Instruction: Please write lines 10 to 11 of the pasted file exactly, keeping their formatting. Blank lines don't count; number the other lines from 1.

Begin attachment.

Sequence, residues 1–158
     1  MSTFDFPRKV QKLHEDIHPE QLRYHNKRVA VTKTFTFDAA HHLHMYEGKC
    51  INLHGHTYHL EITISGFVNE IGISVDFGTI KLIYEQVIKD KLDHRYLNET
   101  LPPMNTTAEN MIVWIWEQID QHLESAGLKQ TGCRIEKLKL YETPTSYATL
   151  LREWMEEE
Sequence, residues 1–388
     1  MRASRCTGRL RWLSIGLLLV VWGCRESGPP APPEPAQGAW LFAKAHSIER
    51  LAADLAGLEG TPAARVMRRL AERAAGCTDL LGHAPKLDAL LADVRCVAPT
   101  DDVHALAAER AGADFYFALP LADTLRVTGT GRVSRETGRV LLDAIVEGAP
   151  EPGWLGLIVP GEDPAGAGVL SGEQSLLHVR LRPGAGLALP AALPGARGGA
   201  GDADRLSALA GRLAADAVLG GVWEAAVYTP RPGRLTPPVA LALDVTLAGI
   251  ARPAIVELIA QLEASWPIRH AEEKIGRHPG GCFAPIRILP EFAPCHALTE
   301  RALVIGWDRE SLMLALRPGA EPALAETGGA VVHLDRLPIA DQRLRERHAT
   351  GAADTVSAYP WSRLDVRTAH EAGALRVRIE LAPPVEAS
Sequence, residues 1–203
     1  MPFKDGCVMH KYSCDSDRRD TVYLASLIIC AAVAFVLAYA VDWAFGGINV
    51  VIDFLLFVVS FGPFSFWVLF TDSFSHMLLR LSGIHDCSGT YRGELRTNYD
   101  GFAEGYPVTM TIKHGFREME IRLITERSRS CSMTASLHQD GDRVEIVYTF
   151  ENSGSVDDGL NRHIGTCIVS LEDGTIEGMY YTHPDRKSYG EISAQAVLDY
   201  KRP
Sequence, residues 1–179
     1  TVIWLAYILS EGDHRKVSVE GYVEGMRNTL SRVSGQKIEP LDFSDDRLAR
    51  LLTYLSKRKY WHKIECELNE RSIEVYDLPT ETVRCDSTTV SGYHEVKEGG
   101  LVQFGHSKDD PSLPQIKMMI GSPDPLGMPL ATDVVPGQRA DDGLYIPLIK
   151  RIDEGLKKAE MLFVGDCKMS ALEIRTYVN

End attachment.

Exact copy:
   151  EPGWLGLIVP GEDPAGAGVL SGEQSLLHVR LRPGAGLALP AALPGARGGA
   201  GDADRLSALA GRLAADAVLG GVWEAAVYTP RPGRLTPPVA LALDVTLAGI